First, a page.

Upcoming Confrences / Talks

March 24-27, 2019
ENAR 2019 Spring Meeting
I will be giving a talk at ENAR during the section titled "Classification and variable selection under asymmetric loss".

Research / Projects

In Progress
Irrational Exuberance: Correcting Bias in Probability Estimates

In Progress
Imperfect Supervision under the Neyman-Pearson Paradigm

Feburary, 2017
Introduction to R - LSE Talk / Workshop
On February 20th, 2017 I held a 2 hour introduction to R workshop at the London School of Economics for the LSESU Applicable Mathematics Society.

November, 2016
Horse Racing Bias
In the Fall 2016 semester I completed a report analyzing different stall biases in horse racing. Specifically I looked at 4 U.K. racing courses in order to see if there was a difference in probability of winning any given race due to a horses starting position. This report can be viewed at the link below. This work was primairly conducted and compiled into PDF format using the R language.

December 2015 - Present
Probability of Certain Rare Events
I am currently helping a third party create probability models to predict certain random events. The results of which are being submitted for publication (confidential until published).

January 2014 - September 2014
P-Colorability by paris as a Knot Invariant
3-colorability is a well-known knot invariant that is very easy to construct while also being very limited in its use. In particular, it does not distinguish a knot from its mirror image. Recall that a knot diagram is tri-colorable if you can color all of its strands using at least 2 or at most 3 colors such that at each crossing, either the 3 different colors come together or the crossing only has 1 color. In 2011, Roger Fenn defined the 3-colorability by pairs as a knot invariant that allowed him to show that the right trefoil is different from the left trefoil. In this research project, we first used 3-colorability by pairs to show that the 6-1, 7-7, and 8-5 knots are chiral (namely different from their mirror image). We then studied the behavior of this invariant with respect to the composition of knots. This invariant’s use is limited to knots that are 3-colorable in the classic meaning. We therefore proceeded to define p-colorability by pairs (for p is any prime number) and proved that it is a knot invariant (namely that it is unchanged by all 3 Reidemeister moves). The invariant for p-colorability by pairs (as for 3-colorabilty defined by Fenn) is not just the coloring. The useful invariant is the list of crossings that appear in the knot diagram. The list of all possible crossings through the p-coloring gives us the structure of an abelian group, which allows us to show that it is a knot invariant. As an example, we computed the crossing lists of the 5-1 and 7-4 knots (both of which are 5-colorable) along with their mirror images. Note that all of the knots mentioned above were already known to be chiral but it required much more involved topological tools such as the Jones Polynomial among others.
Abstract - Write Up - Presentation

August 2015
Introduction to Topological Data Analysis
In the Summer of 2015 I was an intern at Summit Consulting and while I was there I took it upon myself to research a new area of data analysis called Topological Data Analysis (TDA). One of my goals with this research was to see if it was possible for a consulting company like Summit to apply this technique to their future work and to assist their clients.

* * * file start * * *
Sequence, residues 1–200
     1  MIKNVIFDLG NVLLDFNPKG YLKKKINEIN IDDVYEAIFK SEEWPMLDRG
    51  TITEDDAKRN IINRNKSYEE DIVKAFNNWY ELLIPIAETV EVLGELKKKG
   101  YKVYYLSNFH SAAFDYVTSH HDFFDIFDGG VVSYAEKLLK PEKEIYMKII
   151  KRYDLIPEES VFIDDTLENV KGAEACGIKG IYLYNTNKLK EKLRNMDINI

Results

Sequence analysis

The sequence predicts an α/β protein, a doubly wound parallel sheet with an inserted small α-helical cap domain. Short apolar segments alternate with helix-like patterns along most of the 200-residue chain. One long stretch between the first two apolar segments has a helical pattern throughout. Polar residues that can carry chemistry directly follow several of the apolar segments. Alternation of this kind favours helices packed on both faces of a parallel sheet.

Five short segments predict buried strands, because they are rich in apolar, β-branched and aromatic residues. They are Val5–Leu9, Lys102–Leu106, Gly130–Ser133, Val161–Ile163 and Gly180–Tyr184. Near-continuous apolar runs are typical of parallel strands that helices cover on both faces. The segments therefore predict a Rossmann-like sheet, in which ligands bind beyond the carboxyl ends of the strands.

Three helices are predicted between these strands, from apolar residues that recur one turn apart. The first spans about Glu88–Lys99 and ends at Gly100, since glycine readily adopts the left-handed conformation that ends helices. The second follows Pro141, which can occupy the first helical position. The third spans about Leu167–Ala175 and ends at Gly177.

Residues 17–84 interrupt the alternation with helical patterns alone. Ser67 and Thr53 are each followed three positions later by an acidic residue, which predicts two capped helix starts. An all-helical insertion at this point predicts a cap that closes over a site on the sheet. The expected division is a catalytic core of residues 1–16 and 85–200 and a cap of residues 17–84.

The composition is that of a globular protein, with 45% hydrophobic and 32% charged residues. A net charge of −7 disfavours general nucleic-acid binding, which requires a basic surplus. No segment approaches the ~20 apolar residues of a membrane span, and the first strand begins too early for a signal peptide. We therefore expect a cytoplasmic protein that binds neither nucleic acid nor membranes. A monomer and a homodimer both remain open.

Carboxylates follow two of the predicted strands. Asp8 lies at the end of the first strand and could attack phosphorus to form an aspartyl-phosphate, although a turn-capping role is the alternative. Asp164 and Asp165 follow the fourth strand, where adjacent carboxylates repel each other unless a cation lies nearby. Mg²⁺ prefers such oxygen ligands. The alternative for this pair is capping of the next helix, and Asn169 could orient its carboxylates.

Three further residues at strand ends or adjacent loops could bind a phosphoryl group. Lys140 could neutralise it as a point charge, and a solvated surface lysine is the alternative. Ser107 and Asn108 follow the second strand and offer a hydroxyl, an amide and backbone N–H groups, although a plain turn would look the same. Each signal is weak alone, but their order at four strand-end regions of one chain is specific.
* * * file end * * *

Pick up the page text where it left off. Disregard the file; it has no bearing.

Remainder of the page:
Blog Post

2014 - 2015
LSESU Applicable Maths Society Java Series
In the 2014-2015 academic year I attended the London School of Economics and Political Science. While I was there I realized that since the LSE was a strictly social science only university, there were no outlets for the undergraduates to learn mathematics (without an economics application) and computer science. In fact, there was no math society at the LSE at all. That is why I took it upon myself to found the LSE Applicable Mathematics Society so I could introduce students to topics in mathematics and computer science that were not traditionally taught at the LSE.

First term I gave miscellaneous lectures in Topology, Geometry, and Algebra and second term I started a lecture series in Java Programming since I realized that there was a growing interest to learn programming but no formal way the students could be taught. There lectures were hugely successful and our member base grew to over 100 students in the first semester. Example lectures are listed on the societies website below.

Currently, the Applicable Mathematics Society has become the first society to be supported by the LSE Mathematics Department and is currently continuing on exploring topics not formally addressed at the LSE through Python Programming, Algorithmic Trading, and Pure Mathematics. It currently is the biggest math society at the London School of Economics, serving over 200 members.

May 2014
UCLA Data Fest
In the Summer of 2014 I competed in a regional DataFest competition (a statistics like hackathon) with the goal of extracting the most useful information we could from a dataset in 2 and a half days. Our data originated from a company called Gridpoint where they monitor energy usage of different companies in order to evaluate ways they can cut down on their energy expenditure. Our recommendation involved examining companies located in Texas and monitoring their electricity usage at night during the summer. Through this we were able to identify a way to save that company 16% on their electricity bill alone. My teams presentation won the Best Insight into the Data award out of over 140 participants. The slide deck is posted below.